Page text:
11. Fanchin R, Harmas A, Benaoudia F, Lundkvist U, Olivennes F, Frydman R. Microbial flora of the cervix assessed at the time of embryo transfer adversely affects in vitro fertilization outcome. Fertil Steril. 1998;70(5):866–870. doi:10.1016/S0015-0282(98)00277-5
  12. Aleksandrovych V, Pasternak A, Gil K. Telocytes in the architecture of uterine fibroids. Folia Med Cracov. 2019;59(4):34–44. doi:10.24425/FMC.2019.131378
  13. Latini C, Frontini A, Morroni M, Marzioni D, Castellucci M, Smith PG. Remodeling of uterine innervation. Cell Tissue Res. 2008;334(1):1–6. doi:10.1007/s00441-008-0657-x
  14. Zoubina EV, Fan Q, Smith PG. Variations in uterine innervation during the estrous cycle in rat. J Comp Neurol. 1998;397(4):561–571. PMID:9699916.
  15. Krizsan-Agbas D, Pedchenko T, Smith PG. Neurotrimin is an estrogen-regulated determinant of peripheral sympathetic innervation. J Neurosci Res. 2008;86(14):3086–3095. doi:10.1002/jnr.21768
  16. Gibson DA, Saunders PT. Estrogen dependent signaling in reproductive tissues: A role for estrogen receptors and estrogen related receptors. Mol Cell Endocrinol. 2012;348(2):361−372. doi:10.1016/j.mce.2011.09.026
  17. Bengtsson LP. Hormonal effects on human myometrial activity. Vitam Horm. 1973;31:257−303. doi:10.1016/s0083-6729(08)61000-6
  18. Burnstock G. Purinergic signalling in the reproductive system in health and disease. Purinergic Signal. 2014;10(1):157–187. doi:10.1007/s11302-013-9399-7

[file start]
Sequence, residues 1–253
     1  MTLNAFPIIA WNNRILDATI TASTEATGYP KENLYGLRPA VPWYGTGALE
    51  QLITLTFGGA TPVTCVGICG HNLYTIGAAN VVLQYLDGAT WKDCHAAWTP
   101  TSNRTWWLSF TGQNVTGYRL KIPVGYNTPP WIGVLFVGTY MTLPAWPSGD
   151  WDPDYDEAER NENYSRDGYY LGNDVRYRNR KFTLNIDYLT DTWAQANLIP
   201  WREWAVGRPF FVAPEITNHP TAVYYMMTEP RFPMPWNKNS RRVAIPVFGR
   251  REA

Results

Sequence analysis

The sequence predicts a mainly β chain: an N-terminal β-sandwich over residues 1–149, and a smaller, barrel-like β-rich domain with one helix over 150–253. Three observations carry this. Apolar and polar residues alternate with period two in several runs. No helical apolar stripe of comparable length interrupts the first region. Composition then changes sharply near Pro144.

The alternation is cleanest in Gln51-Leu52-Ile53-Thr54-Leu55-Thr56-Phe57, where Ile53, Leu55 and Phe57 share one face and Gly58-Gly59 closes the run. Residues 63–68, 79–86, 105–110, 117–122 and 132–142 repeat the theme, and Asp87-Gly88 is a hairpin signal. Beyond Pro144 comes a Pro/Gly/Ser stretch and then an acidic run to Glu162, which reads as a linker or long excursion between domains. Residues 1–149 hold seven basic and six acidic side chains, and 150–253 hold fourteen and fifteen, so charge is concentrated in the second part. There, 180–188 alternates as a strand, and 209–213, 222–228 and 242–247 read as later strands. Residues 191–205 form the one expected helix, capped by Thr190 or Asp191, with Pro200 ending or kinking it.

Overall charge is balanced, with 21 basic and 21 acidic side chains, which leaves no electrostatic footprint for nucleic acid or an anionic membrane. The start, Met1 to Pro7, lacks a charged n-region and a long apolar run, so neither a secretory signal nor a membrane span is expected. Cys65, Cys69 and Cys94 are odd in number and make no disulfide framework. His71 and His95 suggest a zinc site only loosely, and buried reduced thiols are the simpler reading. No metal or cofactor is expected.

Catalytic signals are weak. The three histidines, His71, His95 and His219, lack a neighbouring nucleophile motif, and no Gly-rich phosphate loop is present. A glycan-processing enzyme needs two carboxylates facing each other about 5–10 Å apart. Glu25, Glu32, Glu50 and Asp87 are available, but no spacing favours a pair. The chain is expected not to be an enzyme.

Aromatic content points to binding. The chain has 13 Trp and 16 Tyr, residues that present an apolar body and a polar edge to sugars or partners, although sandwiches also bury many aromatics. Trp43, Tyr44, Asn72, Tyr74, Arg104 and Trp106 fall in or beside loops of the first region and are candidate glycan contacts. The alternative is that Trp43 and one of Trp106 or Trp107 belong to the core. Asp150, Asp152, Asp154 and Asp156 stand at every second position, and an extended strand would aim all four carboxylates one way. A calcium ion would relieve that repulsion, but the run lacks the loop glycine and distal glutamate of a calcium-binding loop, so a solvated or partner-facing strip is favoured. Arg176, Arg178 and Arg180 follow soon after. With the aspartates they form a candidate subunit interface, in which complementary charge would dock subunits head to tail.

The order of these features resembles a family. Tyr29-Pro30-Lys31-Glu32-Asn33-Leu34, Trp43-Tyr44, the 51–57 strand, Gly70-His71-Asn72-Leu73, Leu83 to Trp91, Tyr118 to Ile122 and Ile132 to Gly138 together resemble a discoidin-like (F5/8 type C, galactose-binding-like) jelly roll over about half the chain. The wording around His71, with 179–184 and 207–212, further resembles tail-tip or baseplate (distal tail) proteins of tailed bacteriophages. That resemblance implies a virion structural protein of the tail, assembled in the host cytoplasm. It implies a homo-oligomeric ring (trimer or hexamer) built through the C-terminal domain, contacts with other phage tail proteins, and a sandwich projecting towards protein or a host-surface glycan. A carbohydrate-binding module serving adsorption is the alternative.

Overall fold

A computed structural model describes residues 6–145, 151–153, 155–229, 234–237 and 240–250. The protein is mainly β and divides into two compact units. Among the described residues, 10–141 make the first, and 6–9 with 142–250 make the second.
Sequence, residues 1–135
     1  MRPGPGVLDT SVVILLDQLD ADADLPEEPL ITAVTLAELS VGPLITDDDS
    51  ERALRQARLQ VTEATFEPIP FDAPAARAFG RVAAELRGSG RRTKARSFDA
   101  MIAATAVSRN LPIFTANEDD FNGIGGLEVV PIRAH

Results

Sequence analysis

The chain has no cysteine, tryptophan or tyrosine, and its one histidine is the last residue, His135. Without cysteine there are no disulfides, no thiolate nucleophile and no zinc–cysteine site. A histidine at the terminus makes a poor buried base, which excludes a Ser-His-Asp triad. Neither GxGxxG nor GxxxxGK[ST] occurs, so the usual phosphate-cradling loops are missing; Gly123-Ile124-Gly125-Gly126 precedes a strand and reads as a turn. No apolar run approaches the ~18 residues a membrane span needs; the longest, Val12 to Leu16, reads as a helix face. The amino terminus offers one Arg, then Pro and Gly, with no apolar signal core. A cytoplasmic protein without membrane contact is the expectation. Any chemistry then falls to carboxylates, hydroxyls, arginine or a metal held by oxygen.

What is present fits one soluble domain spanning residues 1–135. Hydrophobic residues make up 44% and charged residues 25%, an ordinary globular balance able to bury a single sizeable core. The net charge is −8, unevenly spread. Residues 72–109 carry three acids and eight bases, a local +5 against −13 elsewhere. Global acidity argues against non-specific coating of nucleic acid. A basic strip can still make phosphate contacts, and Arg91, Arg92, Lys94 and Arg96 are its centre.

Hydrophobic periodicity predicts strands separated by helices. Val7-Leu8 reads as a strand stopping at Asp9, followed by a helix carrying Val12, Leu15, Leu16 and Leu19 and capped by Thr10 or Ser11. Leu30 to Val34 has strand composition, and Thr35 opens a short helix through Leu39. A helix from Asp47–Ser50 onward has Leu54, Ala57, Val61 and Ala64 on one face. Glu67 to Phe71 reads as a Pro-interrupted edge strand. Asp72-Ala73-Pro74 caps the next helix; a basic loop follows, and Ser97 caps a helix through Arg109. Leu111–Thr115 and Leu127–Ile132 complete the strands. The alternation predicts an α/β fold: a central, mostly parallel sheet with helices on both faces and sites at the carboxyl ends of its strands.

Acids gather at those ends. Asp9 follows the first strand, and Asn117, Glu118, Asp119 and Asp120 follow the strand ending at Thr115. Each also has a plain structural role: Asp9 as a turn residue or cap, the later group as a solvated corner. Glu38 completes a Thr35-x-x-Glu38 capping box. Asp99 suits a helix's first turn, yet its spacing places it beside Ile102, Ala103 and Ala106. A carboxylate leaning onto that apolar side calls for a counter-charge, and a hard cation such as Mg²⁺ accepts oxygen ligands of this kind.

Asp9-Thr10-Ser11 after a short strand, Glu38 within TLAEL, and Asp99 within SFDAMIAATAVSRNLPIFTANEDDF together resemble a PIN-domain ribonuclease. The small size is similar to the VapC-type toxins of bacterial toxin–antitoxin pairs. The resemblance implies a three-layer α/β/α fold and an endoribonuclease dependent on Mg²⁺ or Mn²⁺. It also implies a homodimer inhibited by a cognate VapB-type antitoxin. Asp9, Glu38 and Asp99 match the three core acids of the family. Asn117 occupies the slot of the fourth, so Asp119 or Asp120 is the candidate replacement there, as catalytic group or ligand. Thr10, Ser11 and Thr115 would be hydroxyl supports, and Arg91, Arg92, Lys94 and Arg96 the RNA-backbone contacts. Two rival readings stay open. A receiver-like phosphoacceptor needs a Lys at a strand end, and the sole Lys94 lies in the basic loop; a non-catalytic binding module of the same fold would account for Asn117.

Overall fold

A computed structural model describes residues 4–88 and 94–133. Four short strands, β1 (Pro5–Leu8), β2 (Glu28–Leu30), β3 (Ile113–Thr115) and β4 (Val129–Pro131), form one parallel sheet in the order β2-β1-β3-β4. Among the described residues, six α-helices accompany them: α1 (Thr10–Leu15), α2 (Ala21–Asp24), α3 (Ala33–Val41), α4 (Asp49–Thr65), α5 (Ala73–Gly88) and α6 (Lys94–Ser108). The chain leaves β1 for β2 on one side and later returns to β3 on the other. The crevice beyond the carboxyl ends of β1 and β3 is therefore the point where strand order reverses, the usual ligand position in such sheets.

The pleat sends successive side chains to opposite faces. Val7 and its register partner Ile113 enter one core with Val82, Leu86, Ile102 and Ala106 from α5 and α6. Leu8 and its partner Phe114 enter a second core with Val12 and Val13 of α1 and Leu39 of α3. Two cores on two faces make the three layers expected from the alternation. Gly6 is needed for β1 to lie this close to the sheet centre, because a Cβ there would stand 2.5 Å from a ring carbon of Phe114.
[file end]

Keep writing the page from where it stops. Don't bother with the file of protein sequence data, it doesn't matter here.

19. Bottari SP, Vokaer A, Kaivez E, Lescrainier JP, Vauquelin G. Regulation of alpha- and beta-adrenergic receptor subclasses by gonadal steroids in human myometrium. Acta Physiol Hung. 1985;65(3):335−346. PMID:2990161.
  20. Hayashida DN, Leung R, Goldfien A, Roberts JM. Human myometrial adrenergic receptors: Identification of the beta-adrenergic receptor by [3H] dihydroalprenolol binding. Am J Obstet Gynecol. 1982;142(4):389−393. doi:10.1016/S0002-9378(16)32378-X
  21. Chang SJ, Wang TY, Lee YH, Tai CJ. Extracellular ATP activates nuclear translocation of ERK1/2 leading to the induction of matrix metalloproteinases expression in human endometrial stromal cells. J Endocrinol. 2007;193(3):393–404. doi:10.1677/JOE-06-0168
  22. Arase T, Uchida H, Kajitani T, et al. The UDP-glucose receptor P2RY14 triggers innate mucosal immunity in the female reproductive tract by inducing IL-8. J Immunol. 2009;182(11):7074−7084. doi:10.4049/jimmunol.0900001
  23. Bernstein J, Vink JY, Wen Fu X, et al. Calcium-activated chloride channels anoctamin 1 and 2 promote murine uterine smooth muscle contractility. Am J Obstet Gynecol. 2014;211(6):688.e1−688. doi:10.1016/j.ajog.2014.06.018
  24. Wray S, Jones K, Kupittayanant S, et al. Calcium signaling and uterine contractility. J Soc Gynecol Investig. 2003;10(5):252−264. doi:10.1016/s1071-5576(03)00089-3
  25. Khan RN, Matharoo-Ball B, Arulkumaran S, Ashford MLJ; Uterine Contractility Symposium. Potassium channels in the human myometrium. Exp Physiol. 2001;86(2):255−264.
  26. Richter ON, Kübler K, Schmolling J, et al. Oxytocin receptor gene expression of estrogen-stimulated human myometrium in extracorporeally perfused non-pregnant uteri. Mol Hum Reprod. 2004;10(5):339−346. doi:10.1093/molehr/gah039